Two Views: Why cuts to school funding would undo classroom innovation


At IDEA Public Schools, we believe that every student has the potential to matriculate to and through college. We also understand the value that academic enrichment and character-development programming provide to ensure students are spending adequate time studying after school and are preparing for the rigors of college.

Programs like the 21st Century Community Learning Centers grant, funded by the U.S. Department of Education, do just that.

The 21st Century program supports the creation of community learning centers that provide academic enrichment for students after school. The program offers students activities that complement their regular academic programs and provides literacy and other educational services to families of participating children.

Unfortunately, the 21st Century federal grant program is at risk of being cut in the president’s budget. It’s puzzling why we would cut programs that have such a positive impact on students, their development and educational and career trajectory. The continued funding of 21st Century is critical to our ability to provide high-quality programming for our students.

This programming has revolutionized the after-school opportunities available to our students. Thanks to this federal investment, IDEA students at our 21st Century campuses have access to increased opportunities and enrichment activities. Though music lessons were once only available to families who could afford them, we now offer such programs to all students — free of charge.

More than 177,000 Texas students have been served by the program. More than 13,300 IDEA students participate in additional after-school programming through 21st Century. Additionally, 21st Century provides opportunities for students to engage enthusiastically in math, reading and science programs, which benefits student performance in these key areas. Teachers have the freedom to innovate projects and labs beyond the regular school day. By working in small groups, 21st Century instructors have developed hands-on programming opportunities that keep students coming back for more.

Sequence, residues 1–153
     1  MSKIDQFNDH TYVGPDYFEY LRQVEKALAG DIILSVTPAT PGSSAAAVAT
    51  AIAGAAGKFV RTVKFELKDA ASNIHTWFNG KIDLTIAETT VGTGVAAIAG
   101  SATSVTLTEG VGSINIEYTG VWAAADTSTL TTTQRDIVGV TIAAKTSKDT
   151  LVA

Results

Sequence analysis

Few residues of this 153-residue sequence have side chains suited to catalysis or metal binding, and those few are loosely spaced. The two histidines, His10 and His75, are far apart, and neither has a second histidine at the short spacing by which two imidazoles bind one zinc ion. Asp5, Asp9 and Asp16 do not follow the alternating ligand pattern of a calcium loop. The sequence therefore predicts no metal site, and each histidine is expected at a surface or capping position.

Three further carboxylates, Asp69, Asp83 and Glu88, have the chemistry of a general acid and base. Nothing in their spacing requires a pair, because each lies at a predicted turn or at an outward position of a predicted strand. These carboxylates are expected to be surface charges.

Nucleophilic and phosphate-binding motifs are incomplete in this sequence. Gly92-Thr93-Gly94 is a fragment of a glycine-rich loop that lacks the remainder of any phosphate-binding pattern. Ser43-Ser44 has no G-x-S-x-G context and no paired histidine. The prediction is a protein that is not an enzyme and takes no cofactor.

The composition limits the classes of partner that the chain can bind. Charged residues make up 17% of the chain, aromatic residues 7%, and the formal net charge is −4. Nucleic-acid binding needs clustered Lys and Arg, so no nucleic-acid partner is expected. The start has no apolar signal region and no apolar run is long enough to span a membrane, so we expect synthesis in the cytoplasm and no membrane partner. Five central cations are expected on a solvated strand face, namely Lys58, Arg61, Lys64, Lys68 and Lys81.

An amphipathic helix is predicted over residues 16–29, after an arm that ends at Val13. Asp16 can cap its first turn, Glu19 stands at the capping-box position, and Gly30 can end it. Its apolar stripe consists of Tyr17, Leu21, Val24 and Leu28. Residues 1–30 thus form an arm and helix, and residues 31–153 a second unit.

In Austin, funds provided through 21st Century have granted IDEA Allan students access to computer coding, further advancing the STEM skills of our scholars. Health and wellness is reinforced through a variety of activities, including gardening, cooking and clubs focused on exercise and proper nutrition. Students can also expand on proper grammar and writing form through creative writing classes.

Teachers report substantial progress in homework completion and overall student behavior among the young people participating in 21st Century programs. If programs funded through 21st Century can help achieve those results, then we owe it to our children to continue to support these efforts.

Every day, we can witness the strong, positive outcomes this program has yielded for our community. Providing students with a haven after school — where they can continue to learn, grow and foster their talents and passion — is immeasurable.

We must do what’s right for the children and families in our community and for the economy. We urge the president and our local lawmakers to protect 21st Century funding and reconsider cutting such vital initiatives that truly work for our kids.

Jackson teaches special education at IDEA Allan in Austin.



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